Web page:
If there’s one rule via social media that individuals can concur on, it’s this: Don’t cross K-pop stans. With countless K-pop fan accounts posting more than six billion tweets a year ago, they have gotten one of the strongest forces via social media.
Presently, following George Floyd’s passing, K-pop fans are utilizing their power on the web to lift the Black Lives Matter movement.
Floyd, 46, died a week ago in police custody after previous Minneapolis police officer Derek Chauvin pressed his knee on his neck for about nine minutes during an arrest. His passing has started across the country and worldwide fights.
Hashtags like #BlackLivesMatter and #BlackoutTuesday have been trending via web-based networking media as Americans demand justice for Floyd. Be that as it may, numerous who contradict the BLM movement have been countering those hashtags with their own, for example, #WhiteoutWednesday.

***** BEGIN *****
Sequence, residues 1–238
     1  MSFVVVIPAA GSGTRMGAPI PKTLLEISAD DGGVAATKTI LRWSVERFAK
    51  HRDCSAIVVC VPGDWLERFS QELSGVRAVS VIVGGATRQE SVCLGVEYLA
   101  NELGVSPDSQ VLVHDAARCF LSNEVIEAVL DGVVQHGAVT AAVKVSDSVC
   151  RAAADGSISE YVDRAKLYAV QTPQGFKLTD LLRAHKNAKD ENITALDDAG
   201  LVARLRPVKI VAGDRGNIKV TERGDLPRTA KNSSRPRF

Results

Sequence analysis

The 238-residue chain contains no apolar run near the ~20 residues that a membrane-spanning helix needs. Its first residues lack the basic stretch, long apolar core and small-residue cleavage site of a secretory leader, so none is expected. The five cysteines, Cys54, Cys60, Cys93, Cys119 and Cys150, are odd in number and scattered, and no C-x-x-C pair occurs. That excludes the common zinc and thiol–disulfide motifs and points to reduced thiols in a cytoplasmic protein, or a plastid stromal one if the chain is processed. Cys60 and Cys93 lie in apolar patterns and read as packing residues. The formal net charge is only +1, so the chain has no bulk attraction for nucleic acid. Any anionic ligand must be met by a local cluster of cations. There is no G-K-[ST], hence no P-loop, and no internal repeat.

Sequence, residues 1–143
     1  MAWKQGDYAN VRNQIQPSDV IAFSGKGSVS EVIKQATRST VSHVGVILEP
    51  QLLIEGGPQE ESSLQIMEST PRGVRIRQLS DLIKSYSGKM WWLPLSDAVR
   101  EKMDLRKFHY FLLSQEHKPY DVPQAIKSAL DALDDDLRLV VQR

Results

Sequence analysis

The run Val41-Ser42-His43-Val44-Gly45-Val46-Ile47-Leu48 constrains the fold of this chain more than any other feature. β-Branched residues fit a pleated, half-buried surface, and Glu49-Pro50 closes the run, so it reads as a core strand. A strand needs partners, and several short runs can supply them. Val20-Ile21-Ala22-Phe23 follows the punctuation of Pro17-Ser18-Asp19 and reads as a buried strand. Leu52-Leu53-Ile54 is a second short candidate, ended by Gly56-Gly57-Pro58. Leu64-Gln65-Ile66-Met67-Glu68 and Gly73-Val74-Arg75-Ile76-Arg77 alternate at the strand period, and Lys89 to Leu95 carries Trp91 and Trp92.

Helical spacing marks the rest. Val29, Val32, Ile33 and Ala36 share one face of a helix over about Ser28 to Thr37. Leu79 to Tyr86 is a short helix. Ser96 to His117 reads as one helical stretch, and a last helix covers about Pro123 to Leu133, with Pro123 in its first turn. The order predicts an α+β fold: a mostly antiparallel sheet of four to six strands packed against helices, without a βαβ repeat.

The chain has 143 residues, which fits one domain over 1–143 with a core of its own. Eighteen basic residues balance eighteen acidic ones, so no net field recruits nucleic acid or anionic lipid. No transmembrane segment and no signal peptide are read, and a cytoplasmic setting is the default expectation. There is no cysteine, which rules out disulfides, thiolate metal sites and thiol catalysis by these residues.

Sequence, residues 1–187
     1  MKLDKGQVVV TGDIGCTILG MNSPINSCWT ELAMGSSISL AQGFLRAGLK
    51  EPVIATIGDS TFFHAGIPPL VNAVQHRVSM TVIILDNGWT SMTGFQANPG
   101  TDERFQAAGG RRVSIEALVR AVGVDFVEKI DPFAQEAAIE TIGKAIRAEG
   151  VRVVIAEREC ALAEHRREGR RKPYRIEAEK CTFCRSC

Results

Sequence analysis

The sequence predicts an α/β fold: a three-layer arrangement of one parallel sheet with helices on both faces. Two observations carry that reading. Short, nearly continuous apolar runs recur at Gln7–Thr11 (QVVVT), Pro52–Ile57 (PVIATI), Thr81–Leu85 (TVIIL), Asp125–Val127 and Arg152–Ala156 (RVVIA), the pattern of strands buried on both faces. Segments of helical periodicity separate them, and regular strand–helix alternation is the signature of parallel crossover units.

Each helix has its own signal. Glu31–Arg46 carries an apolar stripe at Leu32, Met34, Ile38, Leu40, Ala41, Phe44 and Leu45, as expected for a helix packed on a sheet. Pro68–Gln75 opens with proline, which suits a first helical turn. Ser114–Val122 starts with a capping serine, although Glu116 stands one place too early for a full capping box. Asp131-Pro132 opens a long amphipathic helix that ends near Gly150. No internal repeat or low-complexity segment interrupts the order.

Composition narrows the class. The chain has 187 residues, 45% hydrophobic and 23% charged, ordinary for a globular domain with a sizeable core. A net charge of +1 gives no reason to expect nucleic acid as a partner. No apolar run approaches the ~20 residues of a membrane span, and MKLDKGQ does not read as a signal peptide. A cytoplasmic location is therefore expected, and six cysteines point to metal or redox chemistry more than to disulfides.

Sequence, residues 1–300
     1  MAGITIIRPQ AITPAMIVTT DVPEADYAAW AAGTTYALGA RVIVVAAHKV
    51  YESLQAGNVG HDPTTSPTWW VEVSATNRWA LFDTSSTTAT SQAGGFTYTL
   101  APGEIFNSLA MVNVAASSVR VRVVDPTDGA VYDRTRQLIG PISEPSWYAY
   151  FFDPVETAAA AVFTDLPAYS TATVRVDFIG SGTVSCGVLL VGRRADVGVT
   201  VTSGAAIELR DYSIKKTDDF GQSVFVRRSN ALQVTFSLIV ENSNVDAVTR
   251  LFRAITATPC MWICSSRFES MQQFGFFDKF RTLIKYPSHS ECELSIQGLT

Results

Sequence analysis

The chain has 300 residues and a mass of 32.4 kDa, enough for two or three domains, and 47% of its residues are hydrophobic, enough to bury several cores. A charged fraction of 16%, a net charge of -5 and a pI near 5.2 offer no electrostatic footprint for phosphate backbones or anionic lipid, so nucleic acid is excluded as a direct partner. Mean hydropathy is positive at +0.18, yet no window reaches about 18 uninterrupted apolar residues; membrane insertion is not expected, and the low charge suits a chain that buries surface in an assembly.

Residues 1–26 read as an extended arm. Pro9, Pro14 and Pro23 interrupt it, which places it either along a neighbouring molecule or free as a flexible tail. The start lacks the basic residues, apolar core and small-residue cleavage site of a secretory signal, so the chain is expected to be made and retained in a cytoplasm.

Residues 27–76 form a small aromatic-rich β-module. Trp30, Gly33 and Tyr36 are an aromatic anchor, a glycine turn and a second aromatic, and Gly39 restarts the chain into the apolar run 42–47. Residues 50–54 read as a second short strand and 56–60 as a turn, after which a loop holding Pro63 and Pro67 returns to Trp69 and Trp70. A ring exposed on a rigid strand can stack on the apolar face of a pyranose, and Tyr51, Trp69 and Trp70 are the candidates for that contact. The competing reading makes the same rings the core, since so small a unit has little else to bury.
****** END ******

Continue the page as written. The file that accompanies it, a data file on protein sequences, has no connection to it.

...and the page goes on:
So K-pop fans did what they excel at: Post endless images and videos of their preferred groups, this time utilizing the anti-black hashtags to overwhelm those voices.
Presently, when individuals gaze upward the hashtags #WhiteLivesMatter, #WhiteoutWednesday, and #BlueLivesMatter via web-based networking media platforms, they are met with unlimited pictures and performances of Twice, EXO and other hot K-pop groups.
“Police arrest that boy for stealing my heart #BlueLivesMatter,” one tweet says with a fan cam of SuperM’s Lucas performing.
“The only blue thing that matters is Namjoons hair #blueLivesMatter,” another tweet says referring to the BTS rapper.
Paulina Rice is a housewife as well as author. She’s the wife of a rock star, and the mother of two young adults, but she’s also been a ballerina, a typographer, a film composer, a piano player, a singer in an all-girl rock band, and a voice in those violent video games you won’t let your kids play. She does her best writing on entertainment such as movies.